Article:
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Intelligence Chief: Norway Terror Suspect Is Lone Wolf

Bomb and terror suspect Anders Behring Breivik leaves the courthouse  in a police car  in Oslo on July 25.
Jon-Are Berg-Jacobsen
AFP/Getty Images
Bomb and terror suspect Anders Behring Breivik leaves the courthouse in a police car in Oslo on July 25.

Norway's domestic intelligence chief told the AP that the man suspected of killing 76 people in a bombing and shooting rampage likely acted alone.

"It's a unique case. It's unique person. He is total evil," Janne Kristiansen, the director of the Norwegian Police Security Service told The Associated Press.

Anders Behring Breivik, who admitted to the bombings and shootings, claimed during an initial court hearing that he did not act alone. Police have questioned that from the beginning. Kristiansen said that based on the information they have so far, "we have no indication that he was part of a network or had any accomplices."

The AP adds:

Kristiansen said that Breivik's case presents a new challenge for security services, different from a "solo terrorist" who receives training and instructions from a terror network and is then left to pick out a target and attack it on his own. Breivik appears to be a true lone actor, who conceived and executed his plot without help or coordination from anyone.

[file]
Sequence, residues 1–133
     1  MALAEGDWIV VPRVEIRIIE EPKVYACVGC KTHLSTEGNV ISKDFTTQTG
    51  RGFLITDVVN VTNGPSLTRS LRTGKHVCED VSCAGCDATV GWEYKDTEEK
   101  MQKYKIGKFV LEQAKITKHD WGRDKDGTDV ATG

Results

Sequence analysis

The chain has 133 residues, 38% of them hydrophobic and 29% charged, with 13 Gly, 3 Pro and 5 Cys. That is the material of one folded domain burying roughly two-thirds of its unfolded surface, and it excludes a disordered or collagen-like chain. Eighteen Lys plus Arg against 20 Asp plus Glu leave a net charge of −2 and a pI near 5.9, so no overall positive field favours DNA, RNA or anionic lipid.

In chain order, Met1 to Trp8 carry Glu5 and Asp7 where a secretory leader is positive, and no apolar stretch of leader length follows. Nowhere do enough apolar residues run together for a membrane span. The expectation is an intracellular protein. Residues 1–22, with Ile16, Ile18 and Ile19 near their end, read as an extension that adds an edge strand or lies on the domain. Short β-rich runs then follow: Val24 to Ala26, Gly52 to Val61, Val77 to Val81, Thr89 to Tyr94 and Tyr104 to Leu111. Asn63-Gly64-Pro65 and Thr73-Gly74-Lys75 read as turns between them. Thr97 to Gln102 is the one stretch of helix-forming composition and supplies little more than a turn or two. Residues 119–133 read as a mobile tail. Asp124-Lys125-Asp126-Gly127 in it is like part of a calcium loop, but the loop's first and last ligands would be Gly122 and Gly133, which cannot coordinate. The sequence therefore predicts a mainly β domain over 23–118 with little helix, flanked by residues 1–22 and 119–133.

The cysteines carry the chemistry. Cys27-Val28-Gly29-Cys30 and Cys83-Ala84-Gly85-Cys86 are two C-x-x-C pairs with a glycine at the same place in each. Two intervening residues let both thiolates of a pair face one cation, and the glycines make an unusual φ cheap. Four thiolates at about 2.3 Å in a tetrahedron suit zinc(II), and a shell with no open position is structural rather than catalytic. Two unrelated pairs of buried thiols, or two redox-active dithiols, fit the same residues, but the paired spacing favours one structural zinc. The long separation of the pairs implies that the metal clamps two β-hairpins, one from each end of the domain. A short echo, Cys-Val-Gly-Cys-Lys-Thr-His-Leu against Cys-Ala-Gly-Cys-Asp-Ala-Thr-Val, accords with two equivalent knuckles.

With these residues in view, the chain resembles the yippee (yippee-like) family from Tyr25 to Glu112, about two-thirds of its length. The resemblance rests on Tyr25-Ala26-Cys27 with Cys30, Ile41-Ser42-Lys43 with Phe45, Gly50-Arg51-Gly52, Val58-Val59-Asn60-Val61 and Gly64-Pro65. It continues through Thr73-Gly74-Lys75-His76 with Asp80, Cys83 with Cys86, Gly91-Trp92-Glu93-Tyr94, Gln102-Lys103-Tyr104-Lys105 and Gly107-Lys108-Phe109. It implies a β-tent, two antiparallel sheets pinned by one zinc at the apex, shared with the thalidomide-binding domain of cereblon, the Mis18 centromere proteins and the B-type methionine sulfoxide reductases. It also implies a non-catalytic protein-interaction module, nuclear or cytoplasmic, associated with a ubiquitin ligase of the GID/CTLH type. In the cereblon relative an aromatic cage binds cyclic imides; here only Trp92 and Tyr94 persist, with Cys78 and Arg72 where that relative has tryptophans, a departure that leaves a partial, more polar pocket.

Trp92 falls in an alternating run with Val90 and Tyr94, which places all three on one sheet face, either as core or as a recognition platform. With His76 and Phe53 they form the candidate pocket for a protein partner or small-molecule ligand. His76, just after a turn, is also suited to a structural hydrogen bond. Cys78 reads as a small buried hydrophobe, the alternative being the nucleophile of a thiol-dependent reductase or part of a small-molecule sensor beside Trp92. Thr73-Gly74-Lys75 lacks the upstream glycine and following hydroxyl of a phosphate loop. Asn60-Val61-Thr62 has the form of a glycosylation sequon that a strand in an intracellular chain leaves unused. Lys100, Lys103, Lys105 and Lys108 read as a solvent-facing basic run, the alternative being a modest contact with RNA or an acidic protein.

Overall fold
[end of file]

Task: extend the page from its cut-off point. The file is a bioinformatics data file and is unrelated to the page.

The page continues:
"This is a totally different challenge," Kristiansen said. "This is all in his mind."

Judging by a manifesto he released just before the attacks, he started "preparing himself to do something big, shocking and spectacular" some 10-12 years ago, she said. The 1,500-document calls for a revolution that will culminate by 2083 in the expulsion of Muslims from Europe and the elimination of the "cultural Marxist/multiculturalist" politics that Breivik complains facilitated the immigration of Muslims to European countries.

In an interview with Time, Kristiansen called Breivik "a new paradigm." Time explains that for the past year or so, counterterrorism officials have warned about single terrorists that have been trained by organizations but sent to act alone to avoid the detection of "chatter" by intelligence agencies. Breivik appears to break this mold in that he "appears to have no real connection to any organized group..."

"He's not a solo terrorist," said Kristiansen. "He's a lone wolf who has been very intent on staying under the radar of the security services by leading a lawful life."

The AFP reports that police will interrogate Breivik tomorrow. It will be only the second time police talk to him. The king's general prosecutor, Tor Aksel Busch, said Breivik will likely be tried next year.

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Eyder Peralta
Eyder Peralta is NPR's East Africa correspondent based in Nairobi, Kenya.